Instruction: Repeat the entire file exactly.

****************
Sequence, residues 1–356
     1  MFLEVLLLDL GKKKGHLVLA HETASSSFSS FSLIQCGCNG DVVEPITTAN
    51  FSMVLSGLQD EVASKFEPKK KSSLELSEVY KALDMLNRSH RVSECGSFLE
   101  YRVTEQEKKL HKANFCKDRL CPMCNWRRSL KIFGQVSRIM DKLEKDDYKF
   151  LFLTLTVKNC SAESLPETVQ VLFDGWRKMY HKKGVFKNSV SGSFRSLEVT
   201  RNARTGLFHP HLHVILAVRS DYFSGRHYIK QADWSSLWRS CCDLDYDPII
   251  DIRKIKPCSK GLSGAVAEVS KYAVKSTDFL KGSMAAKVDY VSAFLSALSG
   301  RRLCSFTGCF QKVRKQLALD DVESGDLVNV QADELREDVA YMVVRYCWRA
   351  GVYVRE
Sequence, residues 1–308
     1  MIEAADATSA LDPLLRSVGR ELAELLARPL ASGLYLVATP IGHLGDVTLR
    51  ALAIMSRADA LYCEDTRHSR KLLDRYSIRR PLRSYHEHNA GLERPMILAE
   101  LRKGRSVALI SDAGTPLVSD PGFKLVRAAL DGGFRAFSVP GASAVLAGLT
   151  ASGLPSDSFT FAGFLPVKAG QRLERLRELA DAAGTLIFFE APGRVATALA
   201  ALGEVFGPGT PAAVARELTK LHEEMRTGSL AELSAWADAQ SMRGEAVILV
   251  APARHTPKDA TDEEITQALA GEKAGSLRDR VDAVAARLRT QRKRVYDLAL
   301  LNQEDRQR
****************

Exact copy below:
Sequence, residues 1–356
     1  MFLEVLLLDL GKKKGHLVLA HETASSSFSS FSLIQCGCNG DVVEPITTAN
    51  FSMVLSGLQD EVASKFEPKK KSSLELSEVY KALDMLNRSH RVSECGSFLE
   101  YRVTEQEKKL HKANFCKDRL CPMCNWRRSL KIFGQVSRIM DKLEKDDYKF
   151  LFLTLTVKNC SAESLPETVQ VLFDGWRKMY HKKGVFKNSV SGSFRSLEVT
   201  RNARTGLFHP HLHVILAVRS DYFSGRHYIK QADWSSLWRS CCDLDYDPII
   251  DIRKIKPCSK GLSGAVAEVS KYAVKSTDFL KGSMAAKVDY VSAFLSALSG
   301  RRLCSFTGCF QKVRKQLALD DVESGDLVNV QADELREDVA YMVVRYCWRA
   351  GVYVRE
Sequence, residues 1–308
     1  MIEAADATSA LDPLLRSVGR ELAELLARPL ASGLYLVATP IGHLGDVTLR
    51  ALAIMSRADA LYCEDTRHSR KLLDRYSIRR PLRSYHEHNA GLERPMILAE
   101  LRKGRSVALI SDAGTPLVSD PGFKLVRAAL DGGFRAFSVP GASAVLAGLT
   151  ASGLPSDSFT FAGFLPVKAG QRLERLRELA DAAGTLIFFE APGRVATALA
   201  ALGEVFGPGT PAAVARELTK LHEEMRTGSL AELSAWADAQ SMRGEAVILV
   251  APARHTPKDA TDEEITQALA GEKAGSLRDR VDAVAARLRT QRKRVYDLAL
   301  LNQEDRQR